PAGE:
Scientists find key protein in embryo cardiac development
Two main problems impact the development of the heart in the embryo: it is no easy process and errors are bound to surface. Scientists in Germany may have succeeded in solving the mystery behind why babies are born with congenital heart defects. The Max Planck Institute for Heart and Lung Research researchers have discovered a molecule that helps regulate the function of stem cells in the heart. Their finding could help researchers curb the number of heart defects in the future but it could also lead to novel methods of stimulating the regeneration of damaged hearts in adults.
The process of going from point A to point Z in the development of a heart is long. Cells divide and transform into a collection of only a few cardiac stem cells, and then into a larger structure from which the heart's parts, including the atria, ventricles, valves and coronary vessels, develop.
Basically, stem and precursor cells undergo a complex process that comprises regulated cell division, cell migration, differentiation and specialisation. The stem cells switch off when the heart's development is complete.
In their study, the Max Planck Institute researchers identified how key parts of this development process are regulated. They first put the spotlight on finding binding partners for transcription factor lsl1, which is characteristic of a specific group of cardiac stem cells called lsl1+cells. In their investigation, the team found Ajuba, a transcription factor from the group of LIM proteins.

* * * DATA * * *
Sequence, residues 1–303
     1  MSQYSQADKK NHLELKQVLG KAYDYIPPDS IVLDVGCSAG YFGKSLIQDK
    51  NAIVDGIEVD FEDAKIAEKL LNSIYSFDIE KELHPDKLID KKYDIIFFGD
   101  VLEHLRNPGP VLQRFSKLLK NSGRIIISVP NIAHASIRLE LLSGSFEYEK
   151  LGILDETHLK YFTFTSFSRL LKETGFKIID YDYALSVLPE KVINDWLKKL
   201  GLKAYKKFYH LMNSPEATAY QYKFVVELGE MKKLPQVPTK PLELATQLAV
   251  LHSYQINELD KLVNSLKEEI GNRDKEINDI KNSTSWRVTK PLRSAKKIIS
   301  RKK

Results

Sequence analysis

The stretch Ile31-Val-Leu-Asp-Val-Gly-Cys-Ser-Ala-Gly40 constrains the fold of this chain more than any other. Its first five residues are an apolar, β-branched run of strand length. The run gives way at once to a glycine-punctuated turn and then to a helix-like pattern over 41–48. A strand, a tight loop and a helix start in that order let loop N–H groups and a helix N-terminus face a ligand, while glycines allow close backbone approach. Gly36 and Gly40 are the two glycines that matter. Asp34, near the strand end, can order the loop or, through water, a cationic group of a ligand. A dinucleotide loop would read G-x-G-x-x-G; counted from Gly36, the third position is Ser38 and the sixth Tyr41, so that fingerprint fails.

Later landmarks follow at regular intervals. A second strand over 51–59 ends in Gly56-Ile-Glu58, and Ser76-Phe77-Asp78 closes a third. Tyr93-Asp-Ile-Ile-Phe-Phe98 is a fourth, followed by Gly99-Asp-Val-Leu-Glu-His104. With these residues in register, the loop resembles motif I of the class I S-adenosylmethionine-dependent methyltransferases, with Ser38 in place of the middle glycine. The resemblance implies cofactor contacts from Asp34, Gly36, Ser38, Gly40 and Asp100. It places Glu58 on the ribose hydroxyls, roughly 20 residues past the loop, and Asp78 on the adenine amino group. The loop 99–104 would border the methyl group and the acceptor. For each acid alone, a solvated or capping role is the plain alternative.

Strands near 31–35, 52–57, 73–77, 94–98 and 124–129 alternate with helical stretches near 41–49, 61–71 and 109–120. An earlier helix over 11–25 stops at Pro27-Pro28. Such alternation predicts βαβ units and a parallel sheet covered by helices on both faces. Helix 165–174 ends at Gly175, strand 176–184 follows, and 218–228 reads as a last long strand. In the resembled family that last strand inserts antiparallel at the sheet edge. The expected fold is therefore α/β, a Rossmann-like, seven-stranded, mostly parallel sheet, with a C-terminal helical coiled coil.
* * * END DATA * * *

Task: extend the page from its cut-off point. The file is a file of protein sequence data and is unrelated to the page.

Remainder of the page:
'We then took a closer look at the interaction between these two molecules and came to the conclusion that Ajuba must be an important switch,' said Gergana Dobreva, head of the 'Origin of Cardiac Cell Lineages' Research Group at the Max Planck Institute for Heart and Lung Research.
The team evaluated the effects of a defective switch on cardiac development of zebrafish and generated a genetically modified fish that was missing a functioning Ajuba protein. According to the researchers, the heart's development of the zebrafish was disrupted.
They also observed a difference in heart size. 'In almost all the investigated fish we observed a dramatic enlargement of the heart,' Dr Dobreva said. 'If Ajuba is absent, there is clearly no other switch that finally silences the Isl1-controlled part of cardiac development.' In addition, they found that the heart is bigger because there are more cardiac muscle cells.
The team suggests Ajuba plays a key role in regulating stem cell activity; it binds to Isl1 molecules and blocks their stimulant effect.
'Once we understand how cardiac development is regulated, we will also be more familiar with the causes of congenital heart defects and will consequently be able to consider therapeutic approaches,' Dr Dobreva commented. 'One possibility would be to optimise the production of replacement cells from embryonic or artificially produced stem cells in the laboratory. Silencing Ajuba in these cells might enhance their development into functional cardiac muscle cells. Sufficient replacement cells for treating patients could be cultured in this way.'
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Subject Index: Medicine, Health; Life Sciences; Coordination, Cooperation; Scientific Research